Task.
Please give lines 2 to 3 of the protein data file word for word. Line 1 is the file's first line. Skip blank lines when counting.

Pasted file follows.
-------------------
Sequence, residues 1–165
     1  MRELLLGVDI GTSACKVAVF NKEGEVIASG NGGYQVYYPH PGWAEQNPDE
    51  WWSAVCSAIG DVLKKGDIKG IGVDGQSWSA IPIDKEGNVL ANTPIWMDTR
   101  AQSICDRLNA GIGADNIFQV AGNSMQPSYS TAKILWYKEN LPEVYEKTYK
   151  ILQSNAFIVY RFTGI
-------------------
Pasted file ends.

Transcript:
     1  MRELLLGVDI GTSACKVAVF NKEGEVIASG NGGYQVYYPH PGWAEQNPDE
    51  WWSAVCSAIG DVLKKGDIKG IGVDGQSWSA IPIDKEGNVL ANTPIWMDTR